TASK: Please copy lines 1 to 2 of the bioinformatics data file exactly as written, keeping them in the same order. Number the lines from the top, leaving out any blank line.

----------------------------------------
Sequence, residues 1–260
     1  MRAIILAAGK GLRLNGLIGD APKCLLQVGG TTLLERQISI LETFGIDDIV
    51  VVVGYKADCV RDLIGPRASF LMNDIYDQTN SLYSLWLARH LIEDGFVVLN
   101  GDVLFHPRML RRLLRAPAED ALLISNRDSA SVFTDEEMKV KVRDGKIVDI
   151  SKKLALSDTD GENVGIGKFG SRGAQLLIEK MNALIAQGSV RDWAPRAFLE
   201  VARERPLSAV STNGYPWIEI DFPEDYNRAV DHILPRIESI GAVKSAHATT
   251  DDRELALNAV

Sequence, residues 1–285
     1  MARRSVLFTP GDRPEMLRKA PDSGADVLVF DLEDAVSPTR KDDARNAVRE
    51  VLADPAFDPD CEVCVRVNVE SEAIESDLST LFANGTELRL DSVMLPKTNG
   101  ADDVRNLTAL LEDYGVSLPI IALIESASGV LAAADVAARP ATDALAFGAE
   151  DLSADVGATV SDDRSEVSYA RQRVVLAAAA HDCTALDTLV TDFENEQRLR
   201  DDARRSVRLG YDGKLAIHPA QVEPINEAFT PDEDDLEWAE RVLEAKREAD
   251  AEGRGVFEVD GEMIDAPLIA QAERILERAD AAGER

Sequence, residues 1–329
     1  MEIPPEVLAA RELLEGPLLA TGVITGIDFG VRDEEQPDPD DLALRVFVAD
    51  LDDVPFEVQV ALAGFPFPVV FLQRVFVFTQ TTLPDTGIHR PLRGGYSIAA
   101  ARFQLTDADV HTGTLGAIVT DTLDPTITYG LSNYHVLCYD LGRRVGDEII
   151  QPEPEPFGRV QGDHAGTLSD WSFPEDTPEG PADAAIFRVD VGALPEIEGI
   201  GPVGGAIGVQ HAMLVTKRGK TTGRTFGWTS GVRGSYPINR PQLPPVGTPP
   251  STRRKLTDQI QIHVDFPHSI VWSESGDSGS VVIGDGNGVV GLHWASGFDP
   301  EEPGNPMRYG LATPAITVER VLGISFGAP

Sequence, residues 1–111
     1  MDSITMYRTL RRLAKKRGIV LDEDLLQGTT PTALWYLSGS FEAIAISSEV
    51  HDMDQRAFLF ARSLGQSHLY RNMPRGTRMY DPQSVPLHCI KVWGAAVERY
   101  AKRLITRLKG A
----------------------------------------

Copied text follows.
Sequence, residues 1–260
     1  MRAIILAAGK GLRLNGLIGD APKCLLQVGG TTLLERQISI LETFGIDDIV